Defendants next challenge Plaintiff's ability to establish a Title VII claim of discrimination. According to Defendants, Plaintiff is not subject to protection under Title VII because her status as a transgender person is not a protected class, relying on Etsitty v. Utah Transit Auth., 502 F.3d 1215, 1215, 1220 (10th Cir. 2017). The Court has previously resolved Defendants' arguments related to the Etsitty case, see Dkt. No. 34. Defendants offer nothing in the present Motion to warrant changing that determination.

         Defendants next argue that Plaintiff fails to demonstrate that she was treated less favorably than similarly situated employees outside of her protected class, again relying on Plaintiff's status as a transgender person, that is, that she was neither male nor female. Defendants offer no legal authority to support their claim other than the apparent further reliance on the Etsitty case. Accordingly, this argument, too, is foreclosed by the Court's prior decision.

         Defendants argue that Plaintiff fails to meet a prima facie case because she cannot demonstrate the job was filled by someone outside the protected class. Defendants misstate the applicable law. The Supreme Court has specifically held that age-discrimination plaintiffs need not show disparate treatment as compared to co-workers outside the protected class. See O'Connor v. Consol. Coin Caterers Corp., 517 U.S. 308, 311-12 (1996). Although O'Connor dealt with age discrimination, in Perry v. Woodward, 199 F.3d 1126, 1135-40 (10th Cir. 1999), the Tenth Circuit extended the same basic point to other forms of alleged discrimination. Plaintiff has established a prima facie case.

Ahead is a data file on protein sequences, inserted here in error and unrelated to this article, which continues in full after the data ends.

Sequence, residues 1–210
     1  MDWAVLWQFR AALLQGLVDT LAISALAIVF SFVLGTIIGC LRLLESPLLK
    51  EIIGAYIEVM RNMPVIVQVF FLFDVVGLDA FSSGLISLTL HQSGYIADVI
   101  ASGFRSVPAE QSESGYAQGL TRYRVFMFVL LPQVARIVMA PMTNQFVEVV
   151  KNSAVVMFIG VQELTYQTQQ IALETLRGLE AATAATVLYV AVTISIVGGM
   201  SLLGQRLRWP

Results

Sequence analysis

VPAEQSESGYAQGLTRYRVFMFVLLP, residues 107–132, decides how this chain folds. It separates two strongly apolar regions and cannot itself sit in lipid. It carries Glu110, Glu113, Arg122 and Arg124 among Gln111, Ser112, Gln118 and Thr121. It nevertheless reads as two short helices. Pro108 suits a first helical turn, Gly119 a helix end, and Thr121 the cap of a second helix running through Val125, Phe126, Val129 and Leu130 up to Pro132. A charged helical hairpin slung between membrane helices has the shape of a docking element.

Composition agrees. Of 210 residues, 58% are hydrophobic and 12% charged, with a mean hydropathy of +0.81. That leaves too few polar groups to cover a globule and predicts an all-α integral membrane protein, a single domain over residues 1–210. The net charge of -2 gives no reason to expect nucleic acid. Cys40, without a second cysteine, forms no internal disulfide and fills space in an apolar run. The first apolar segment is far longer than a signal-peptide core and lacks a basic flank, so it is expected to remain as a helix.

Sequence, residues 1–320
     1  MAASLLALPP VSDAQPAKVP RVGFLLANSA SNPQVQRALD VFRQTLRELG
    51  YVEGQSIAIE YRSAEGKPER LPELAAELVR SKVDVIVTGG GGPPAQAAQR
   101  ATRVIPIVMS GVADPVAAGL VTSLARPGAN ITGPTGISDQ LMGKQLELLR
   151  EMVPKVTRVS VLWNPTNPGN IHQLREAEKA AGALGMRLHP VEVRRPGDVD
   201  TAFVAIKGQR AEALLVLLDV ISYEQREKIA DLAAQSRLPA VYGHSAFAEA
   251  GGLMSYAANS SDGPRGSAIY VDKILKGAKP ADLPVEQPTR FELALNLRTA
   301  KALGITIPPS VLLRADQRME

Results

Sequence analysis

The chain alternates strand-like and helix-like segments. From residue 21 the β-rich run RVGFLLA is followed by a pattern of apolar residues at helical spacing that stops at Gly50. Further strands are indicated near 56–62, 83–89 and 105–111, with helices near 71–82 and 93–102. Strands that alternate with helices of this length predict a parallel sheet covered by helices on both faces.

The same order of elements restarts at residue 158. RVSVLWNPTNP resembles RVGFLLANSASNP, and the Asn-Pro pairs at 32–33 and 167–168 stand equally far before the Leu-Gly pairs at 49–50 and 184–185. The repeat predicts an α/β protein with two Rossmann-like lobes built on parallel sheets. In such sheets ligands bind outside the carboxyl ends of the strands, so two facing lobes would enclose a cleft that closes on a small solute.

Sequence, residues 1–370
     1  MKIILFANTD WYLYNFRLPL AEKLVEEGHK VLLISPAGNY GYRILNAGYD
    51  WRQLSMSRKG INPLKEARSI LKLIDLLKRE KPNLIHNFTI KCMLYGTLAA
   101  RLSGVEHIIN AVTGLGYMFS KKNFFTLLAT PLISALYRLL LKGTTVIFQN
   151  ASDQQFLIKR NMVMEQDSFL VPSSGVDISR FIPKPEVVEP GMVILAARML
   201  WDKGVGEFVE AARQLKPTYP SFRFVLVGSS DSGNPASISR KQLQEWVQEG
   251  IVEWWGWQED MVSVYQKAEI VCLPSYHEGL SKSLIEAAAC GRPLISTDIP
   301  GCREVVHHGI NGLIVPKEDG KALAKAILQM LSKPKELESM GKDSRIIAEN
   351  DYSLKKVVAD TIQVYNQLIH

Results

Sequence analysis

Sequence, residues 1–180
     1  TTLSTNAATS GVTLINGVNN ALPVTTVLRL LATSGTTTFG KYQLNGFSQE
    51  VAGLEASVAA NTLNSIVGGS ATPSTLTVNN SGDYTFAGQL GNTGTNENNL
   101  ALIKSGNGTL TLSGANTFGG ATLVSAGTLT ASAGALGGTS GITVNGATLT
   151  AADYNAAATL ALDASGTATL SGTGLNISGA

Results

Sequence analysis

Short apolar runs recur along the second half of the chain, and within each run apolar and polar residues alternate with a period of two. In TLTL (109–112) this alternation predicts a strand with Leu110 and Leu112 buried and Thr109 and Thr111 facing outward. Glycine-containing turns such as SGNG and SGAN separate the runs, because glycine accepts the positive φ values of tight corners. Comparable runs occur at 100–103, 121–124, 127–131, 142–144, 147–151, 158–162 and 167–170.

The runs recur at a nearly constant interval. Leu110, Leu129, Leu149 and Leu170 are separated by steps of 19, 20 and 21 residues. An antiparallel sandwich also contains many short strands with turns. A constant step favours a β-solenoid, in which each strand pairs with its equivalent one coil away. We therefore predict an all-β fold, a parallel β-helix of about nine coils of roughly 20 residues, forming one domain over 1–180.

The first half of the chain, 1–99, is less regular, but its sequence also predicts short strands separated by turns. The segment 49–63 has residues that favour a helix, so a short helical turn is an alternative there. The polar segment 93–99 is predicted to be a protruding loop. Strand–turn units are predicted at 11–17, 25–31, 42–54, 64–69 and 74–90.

Defendants argue that even if Plaintiff meets her prima facie case, her claims still fail, as she cannot overcome the legitimate non-discriminatory reason they have offered for her termination; that is, Plaintiff cannot demonstrate pretext. Defendants argue that their decision to deny Plaintiff tenure was a subjective matter based upon decisions made at the administrative level and that the Court should grant deference to the administration's decisions on this issue. As Defendants note, it is not necessary that the reasons for their decision were correct, only that they believed them to be correct. Tran v. Trustees of State Colls. in Colo., 355 F.3d 1263, 1268-69 (10th Cir. 2004). In response, Plaintiff argues that she can demonstrate pretext because she has offered evidence which suggests substantial procedural irregularities in the decision to deny her tenure. For example, she notes one of the decisionmakers on her tenure initially refused to give her any reason for the denial. Later, that same person planted a backdated letter in her portfolio spelling out some rationales for the denial. A second decisionmaker, McMillan, refused to provide his reasons for denial and persisted even after the faculty advisor committee ordered him to disclose them. Finally, after the president's denial he directed McMillan to write the letter giving the president's reason for the denial of tenure. Plaintiff argues that each of these actions demonstrate some weakness or implausibility in Defendants' assertion that her tenure submission was clearly insufficient. Plaintiff further directs the Court to Dr. Parker's expert report demonstrating in some detail that Defendants' evaluations of Plaintiff's scholarship and service did not match the articulated criteria for tenure and promotion evaluation.

         After consideration, the Court finds that Plaintiff has offered at least some evidence demonstrating that Defendants' reasons for denying her tenure were pretextual. That is, Plaintiff's evidence demonstrates some weakness, implausibility, inconsistency, or incoherencies in ...